Also I just want to throw out there that games can teach vocabulary like crazy. I have the best vocabulary out of everyone I know and it's from playing games. As for ragging on me for using the word literally there, I wasn't trying to get an A+ in English with this post, I was just talking casually and spitting words out however they came out when I wrote it.

    • OfDeath

      Yes, games like the Witcher often have books about them but if you read those, you are reading a book and not playing a game. So the two are still not the same.
      I would challenge you to test your vocabulary against someone who has read most of the classic novels by people like George Orwell, Charles Dickens, Martin Amis, Aldous Huxley and people like that. You'll probably find you're nowhere near it.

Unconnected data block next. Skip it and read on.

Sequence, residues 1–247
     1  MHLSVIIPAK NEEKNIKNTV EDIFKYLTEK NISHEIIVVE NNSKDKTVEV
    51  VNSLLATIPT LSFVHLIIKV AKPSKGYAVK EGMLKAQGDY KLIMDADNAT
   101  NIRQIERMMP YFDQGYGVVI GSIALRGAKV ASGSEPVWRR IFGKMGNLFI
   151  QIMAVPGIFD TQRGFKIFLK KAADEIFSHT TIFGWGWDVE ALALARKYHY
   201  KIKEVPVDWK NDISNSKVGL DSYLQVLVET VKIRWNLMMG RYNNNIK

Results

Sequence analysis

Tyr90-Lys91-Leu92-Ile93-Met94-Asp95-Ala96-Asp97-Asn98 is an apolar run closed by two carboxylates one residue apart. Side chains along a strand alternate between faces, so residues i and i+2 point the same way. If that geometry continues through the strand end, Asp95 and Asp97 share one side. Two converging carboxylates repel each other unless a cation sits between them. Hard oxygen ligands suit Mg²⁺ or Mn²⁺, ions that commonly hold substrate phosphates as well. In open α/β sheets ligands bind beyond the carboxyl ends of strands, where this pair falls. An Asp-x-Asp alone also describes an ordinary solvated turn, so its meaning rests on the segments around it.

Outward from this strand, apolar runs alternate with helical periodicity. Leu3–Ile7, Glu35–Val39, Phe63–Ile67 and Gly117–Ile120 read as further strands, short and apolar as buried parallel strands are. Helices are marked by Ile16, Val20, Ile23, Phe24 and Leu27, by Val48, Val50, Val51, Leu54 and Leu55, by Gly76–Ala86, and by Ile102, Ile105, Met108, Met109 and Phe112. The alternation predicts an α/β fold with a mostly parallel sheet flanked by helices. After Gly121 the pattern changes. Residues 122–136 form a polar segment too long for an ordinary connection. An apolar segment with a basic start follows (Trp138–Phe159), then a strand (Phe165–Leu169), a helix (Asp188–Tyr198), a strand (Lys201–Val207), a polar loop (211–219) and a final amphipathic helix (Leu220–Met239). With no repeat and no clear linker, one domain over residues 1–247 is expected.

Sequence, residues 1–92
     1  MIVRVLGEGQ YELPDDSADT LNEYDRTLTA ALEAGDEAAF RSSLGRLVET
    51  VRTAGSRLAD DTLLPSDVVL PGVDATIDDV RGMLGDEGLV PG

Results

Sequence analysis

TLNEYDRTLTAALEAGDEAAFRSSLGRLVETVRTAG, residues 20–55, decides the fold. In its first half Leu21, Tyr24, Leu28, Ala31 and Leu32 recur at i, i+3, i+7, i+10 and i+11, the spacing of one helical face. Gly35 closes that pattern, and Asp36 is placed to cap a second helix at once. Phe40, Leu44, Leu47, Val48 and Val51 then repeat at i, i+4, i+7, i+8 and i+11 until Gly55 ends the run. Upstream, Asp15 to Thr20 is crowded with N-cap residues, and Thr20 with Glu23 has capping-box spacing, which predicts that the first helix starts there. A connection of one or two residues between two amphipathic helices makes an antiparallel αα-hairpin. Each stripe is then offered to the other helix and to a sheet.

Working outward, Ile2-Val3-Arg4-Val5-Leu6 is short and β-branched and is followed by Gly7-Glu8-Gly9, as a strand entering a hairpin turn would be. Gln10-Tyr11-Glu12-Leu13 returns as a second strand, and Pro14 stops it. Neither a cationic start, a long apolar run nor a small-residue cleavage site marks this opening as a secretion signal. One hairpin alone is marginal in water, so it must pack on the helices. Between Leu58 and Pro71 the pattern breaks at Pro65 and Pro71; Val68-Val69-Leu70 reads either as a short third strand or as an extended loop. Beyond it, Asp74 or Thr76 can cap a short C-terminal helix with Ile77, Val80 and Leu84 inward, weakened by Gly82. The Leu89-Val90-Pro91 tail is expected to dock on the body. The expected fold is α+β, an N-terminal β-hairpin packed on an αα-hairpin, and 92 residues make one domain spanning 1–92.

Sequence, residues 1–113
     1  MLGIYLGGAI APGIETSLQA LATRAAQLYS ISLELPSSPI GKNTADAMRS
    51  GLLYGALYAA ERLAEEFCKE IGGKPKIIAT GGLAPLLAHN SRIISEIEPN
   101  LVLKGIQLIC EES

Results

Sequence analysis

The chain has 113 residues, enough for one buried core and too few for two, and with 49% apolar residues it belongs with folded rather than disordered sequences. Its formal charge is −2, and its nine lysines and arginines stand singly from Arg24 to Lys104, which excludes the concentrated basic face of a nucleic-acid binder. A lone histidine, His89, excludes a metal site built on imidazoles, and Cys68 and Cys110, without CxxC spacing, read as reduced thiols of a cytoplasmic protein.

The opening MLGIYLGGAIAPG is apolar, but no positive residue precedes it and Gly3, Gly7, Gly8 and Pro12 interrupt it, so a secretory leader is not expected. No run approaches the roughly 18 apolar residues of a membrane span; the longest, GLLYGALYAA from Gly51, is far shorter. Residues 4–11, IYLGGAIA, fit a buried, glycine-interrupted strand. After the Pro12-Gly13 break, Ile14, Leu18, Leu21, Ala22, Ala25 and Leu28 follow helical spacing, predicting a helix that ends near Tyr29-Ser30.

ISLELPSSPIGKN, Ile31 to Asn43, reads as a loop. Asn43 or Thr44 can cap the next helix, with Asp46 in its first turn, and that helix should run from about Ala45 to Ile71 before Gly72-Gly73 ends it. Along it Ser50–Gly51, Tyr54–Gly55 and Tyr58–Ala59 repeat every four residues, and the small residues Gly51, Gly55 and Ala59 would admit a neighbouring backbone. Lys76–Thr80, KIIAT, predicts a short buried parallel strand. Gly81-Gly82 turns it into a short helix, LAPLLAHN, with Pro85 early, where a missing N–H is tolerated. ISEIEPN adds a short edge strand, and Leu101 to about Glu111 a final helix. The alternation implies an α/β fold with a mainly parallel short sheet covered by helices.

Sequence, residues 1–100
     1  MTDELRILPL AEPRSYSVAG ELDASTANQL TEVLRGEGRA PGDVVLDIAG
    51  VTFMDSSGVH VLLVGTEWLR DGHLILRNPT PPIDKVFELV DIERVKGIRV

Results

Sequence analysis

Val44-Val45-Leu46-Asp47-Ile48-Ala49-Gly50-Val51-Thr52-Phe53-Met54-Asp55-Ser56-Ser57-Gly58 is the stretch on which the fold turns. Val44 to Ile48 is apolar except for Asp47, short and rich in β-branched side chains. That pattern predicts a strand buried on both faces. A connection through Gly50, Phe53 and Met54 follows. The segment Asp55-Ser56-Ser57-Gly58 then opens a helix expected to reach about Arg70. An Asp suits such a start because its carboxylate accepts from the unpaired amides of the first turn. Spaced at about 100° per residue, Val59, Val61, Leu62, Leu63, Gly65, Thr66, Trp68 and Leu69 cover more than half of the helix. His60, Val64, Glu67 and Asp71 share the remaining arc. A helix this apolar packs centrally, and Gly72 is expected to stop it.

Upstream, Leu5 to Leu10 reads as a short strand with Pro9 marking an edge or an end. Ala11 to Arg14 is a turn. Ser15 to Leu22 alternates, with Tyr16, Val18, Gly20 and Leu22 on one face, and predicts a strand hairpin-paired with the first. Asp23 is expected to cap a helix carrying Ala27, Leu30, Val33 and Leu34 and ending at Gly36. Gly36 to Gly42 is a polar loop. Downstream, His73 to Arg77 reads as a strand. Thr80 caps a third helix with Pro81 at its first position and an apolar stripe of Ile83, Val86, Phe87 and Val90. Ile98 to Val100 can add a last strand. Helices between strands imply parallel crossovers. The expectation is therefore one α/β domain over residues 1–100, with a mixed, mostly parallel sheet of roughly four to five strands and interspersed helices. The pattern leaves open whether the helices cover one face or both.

• TheSpaceGnome
    Nope, I don't agree.
    Games are usually better without story, and competative gaming is the best.

    The exceptions are when you play as blank slate characters who have what is known as the "flat character ark" (where they are just an empty husk for you to play as like master chief in halo 1-3) and the story is the campaign you go through rather than lots of dialogue or cutscenes or boring character development.

    Also I'd only date a woman who liked fighting games, shooters and other competative stuff.
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    • Also when it comes to books, I don't read novels, I prefer reference books.

Most Helpful Girls

  • whatdoyouwantt
    I would date a gamer, I am a gamer myself.